Pope Francis embraces his friend Yayo Grassi, who introduced the head of the Catholic church to his partner.

Behind the hug: Pope Francis and gay man friends from their teacher-student days in Argentina

Yayo Grassi’s phone rang in early September.

“Is this Obdulio?” said the caller, using a nickname given to Grassi 50 years earlier by a high school teacher.

“Who is this?” asked Grassi, spooked.

“Who else calls you ‘Obdulio’?”

“Only one person,” Grassi said, “and I’m not going to talk until you identify yourself.”

“This is Jorge Mario Bergoglio,” said Pope Francis, using his given name, according to Grassi. “I would like to give you a hug when I go to DC.”

Read more: Senior Vatican priest comes out as gay, challenging the ‘paranoia’ of the ‘backwards’ Catholic church

That hug – between the leader of the Roman Catholic Church and a lifelong friend who is gay – came September 23 during the pope’s first visit to the United States. Grassi brought along his boyfriend of nearly two decades, and embraced his former teacher in a sunlit parlour of the Vatican embassy.

The quiet meeting came to light on Friday, after the Vatican – responding to questions about the pope’s meeting with Kim Davis, the controversial Kentucky court clerk jailed for refusing to approve same-sex marriage licenses – clarified that hers was only one of many “brief greetings” within a larger audience on his visit to the Vatican’s embassy.
The pope also met Kim Davis, the controversial Kentucky court clerk jailed for refusing to approve same-sex marriage licenses. Photo: AP

“The only real audience granted by the pope at the nunciature,” said the Reverend Federico Lombardi, head of the Holy See press office, “was with one of his former students and his family.”

That student was Grassi, 67, and that family was his boyfriend, Iwan Bagus.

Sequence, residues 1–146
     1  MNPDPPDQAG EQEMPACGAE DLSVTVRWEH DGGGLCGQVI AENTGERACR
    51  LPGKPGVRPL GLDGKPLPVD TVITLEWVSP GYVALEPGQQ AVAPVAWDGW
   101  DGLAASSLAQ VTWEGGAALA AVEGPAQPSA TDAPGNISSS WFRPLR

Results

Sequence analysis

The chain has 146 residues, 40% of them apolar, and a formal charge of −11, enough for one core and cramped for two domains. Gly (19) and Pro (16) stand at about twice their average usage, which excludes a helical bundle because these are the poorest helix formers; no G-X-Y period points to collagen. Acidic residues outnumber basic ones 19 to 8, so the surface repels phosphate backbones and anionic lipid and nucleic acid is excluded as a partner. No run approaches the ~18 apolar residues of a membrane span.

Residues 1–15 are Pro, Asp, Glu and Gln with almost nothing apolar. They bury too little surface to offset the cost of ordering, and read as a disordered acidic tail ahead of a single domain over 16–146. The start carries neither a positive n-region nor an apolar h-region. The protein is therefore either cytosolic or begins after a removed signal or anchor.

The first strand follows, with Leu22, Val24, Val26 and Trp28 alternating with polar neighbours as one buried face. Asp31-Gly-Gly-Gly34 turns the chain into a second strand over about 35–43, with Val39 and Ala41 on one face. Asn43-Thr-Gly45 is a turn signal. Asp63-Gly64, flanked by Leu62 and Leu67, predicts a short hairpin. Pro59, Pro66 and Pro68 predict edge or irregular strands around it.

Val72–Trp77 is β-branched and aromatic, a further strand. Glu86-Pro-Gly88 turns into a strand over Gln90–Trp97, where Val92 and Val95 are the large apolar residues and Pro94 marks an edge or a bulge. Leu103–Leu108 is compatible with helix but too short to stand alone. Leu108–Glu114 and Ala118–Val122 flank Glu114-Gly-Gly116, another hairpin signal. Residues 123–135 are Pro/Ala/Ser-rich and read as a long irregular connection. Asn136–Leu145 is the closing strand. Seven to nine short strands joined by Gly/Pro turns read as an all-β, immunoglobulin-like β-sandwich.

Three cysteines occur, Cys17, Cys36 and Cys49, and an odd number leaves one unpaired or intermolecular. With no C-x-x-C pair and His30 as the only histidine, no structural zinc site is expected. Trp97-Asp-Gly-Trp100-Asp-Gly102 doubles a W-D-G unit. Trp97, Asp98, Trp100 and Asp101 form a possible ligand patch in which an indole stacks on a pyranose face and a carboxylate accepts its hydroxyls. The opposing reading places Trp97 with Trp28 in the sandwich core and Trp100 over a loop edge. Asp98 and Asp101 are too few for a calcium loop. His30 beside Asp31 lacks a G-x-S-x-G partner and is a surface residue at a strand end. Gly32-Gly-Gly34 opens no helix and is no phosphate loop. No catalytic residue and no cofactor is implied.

The embassy visit was about 15 minutes and consisted mostly of pleasantries.

Grassi and Francis first met in their native Argentina, at Inmaculada Concepcion high school in the city of Santa Fe, where the future pope taught psychology and Argentine literature.

Their friendship grew during the 1964-65 school year when Bergoglio taught Grassi.

“He was an extraordinary teacher and a great mentor,” Grassi said. “He kept pushing my horizons to oblige me to keep looking. He asked me to put on the skin of my fellow man, to feel their pain.”

Grassi’s mother used to cook gnocchi for Bergoglio when he visited the family home in the city of Parana. Grassi, who learned to cook from his mother, has operated his own catering business in Washington since 2005. Before that he was the director of catering for the National Gallery of Art, also in the US capital.

Grassi moved to Washington in 1978 and lost touch with his teacher until 2008, when then-Cardinal Bergoglio granted him an audience in Buenos Aires.

Bergoglio became pope five years later, and Grassi reached out to Francis ahead of his first trip to the US.

The pope said he would like to be able to give Grassi a hug, and the September 23 meeting was arranged.

When news broke this week about Kim Davis’ attendance at the Vatican, Grassi decided to speak out.

“Although I didn’t know any details, I knew immediately that [Francis] had nothing to do with this, that this was arranged by other people without telling him the real character” of Davis, said Grassi.

“I received, from friends of mine, a lot of quite disturbing mail, telling me, ‘This is your pope, look what he did, and he’s a coward.’ And my defence is: ‘We don’t know anything. Just wait until things come out.’ And I’m extremely pleased that I was right. And I never had any doubt that I was right.”